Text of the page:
And hunted me for life.

Reading of "Fletcher McGee"

Commentary

Two miserable people made each other miserable, but who was the actual culprit in this dungheap of a marriage?

First Movement: Accusations Returned

She took my strength by minutes,
She took my life by hours,
She drained me like a fevered moon
That saps the spinning world.
The days went by like shadows,
The minutes wheeled like stars.

Mr. "Fletcher McGee" also begins his epitaph with appalling accusations against his wife. Just as he had done, she had foisted on him unspeakable cruelty: "she took my strength," "she took my life," "she drained me." This speaker also includes time measurements to each complaint, in order to increase and compound the pain he claims he suffered at the hands of this woman. Mr. McGee then asserts, "the days went by like shadows, / the minutes wheeled like stars."

Second Movement: Vengeance Returned

She was a hunk of sculptor’s clay,
My secret thoughts were fingers:
They flew behind her pensive brow
And lined it deep with pain.
They set the lips, and sagged the cheeks,
And drooped the eyes with sorrow.
My soul had entered in the clay,
Fighting like seven devils.
It was not mine, it was not hers;
She held it, but its struggles
Modeled a face she hated,
And a face I feared to see.
I beat the windows, shook the bolts.
I hid me in a corner—
And then she died and haunted me,
And hunted me for life.

After fiercely complaining that Mrs. McGee ruined his life, Mr. McGee freely and somewhat gleefully confesses that he, in fact quite deliberately, ruined hers. Instead of pitying his wife for her unhappiness and shrewish behavior, he came to possess the ability to smile about her suffering. His smiles grew out of the fact that he had power over her. He came to see her only as "a hunk of sculptor’s clay." Thus, Mr. McGee went about working to sculpt the ugly features into his wife.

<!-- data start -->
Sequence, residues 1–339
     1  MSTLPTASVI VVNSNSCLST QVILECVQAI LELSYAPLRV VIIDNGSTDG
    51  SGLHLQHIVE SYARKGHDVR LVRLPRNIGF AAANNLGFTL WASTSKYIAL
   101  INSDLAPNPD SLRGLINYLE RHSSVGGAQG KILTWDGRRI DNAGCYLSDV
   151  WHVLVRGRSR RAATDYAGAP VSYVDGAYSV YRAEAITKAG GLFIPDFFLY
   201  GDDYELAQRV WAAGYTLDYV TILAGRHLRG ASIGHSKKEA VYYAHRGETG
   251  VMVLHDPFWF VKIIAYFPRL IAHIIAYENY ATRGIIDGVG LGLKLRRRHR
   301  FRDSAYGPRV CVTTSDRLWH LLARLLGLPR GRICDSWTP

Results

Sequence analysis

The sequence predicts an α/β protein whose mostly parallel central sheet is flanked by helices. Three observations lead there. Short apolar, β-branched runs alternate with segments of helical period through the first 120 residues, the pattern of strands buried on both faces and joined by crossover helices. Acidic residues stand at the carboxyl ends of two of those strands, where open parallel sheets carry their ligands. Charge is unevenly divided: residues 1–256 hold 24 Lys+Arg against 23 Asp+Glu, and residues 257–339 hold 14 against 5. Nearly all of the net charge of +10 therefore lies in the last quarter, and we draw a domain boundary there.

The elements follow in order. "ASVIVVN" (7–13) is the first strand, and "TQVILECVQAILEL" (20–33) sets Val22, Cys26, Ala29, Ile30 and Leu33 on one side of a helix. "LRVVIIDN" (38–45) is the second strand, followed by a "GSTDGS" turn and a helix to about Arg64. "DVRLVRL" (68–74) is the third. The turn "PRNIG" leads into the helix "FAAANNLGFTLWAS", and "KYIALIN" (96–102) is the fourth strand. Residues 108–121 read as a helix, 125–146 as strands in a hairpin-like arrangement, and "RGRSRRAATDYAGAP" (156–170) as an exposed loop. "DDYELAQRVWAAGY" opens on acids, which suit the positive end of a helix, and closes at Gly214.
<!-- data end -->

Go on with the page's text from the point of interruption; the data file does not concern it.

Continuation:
This despicable husband asserts that, "my secret thoughts were fingers." He continues with the sculptor metaphor, as he affirms what Ollie has earlier said about the man. The miserable husband freely confesses and describes his fingers as sculptors, motivated by his "secret thoughts" which "lined" "her pensive brow" "deep with pain." Mr. McGee again freely admits that he, in fact, "set the lips, and sagged the cheeks, / And drooped the eyes with sorrow.” He then bizarrely asserts that his "soul had entered in the clay." Thus, his soul became the force of evil, "fighting like seven devils." He appears to have become so hooked on making her miserable that he just could not stop himself. His evil served him like a dangerous drug.

Mr. McGee then admits that he actually killed her: "I beat the windows, shook the bolts." He vaguely claims that he hid "in a corner," and "she died and haunted me / And hunted me for life.” He took advantage of his weak, depressed, sorrowful wife. He fully realized what he was doing. Therefore, it becomes clear that Ollie was correct about her lout of a husband, who was in fact a criminal. At least Mrs. McGee can feel somewhat avenged in death. But a pathetic irony is laced within these pitiful confessions. Readers are left to doubt that any vengeance or feeling "haunted" can, in fact, offer these tortured souls any meaningful rest.

This content is accurate and true to the best of the author’s knowledge and is not meant to substitute for formal and individualized advice from a qualified professional.

© 2017 Linda Sue Grimes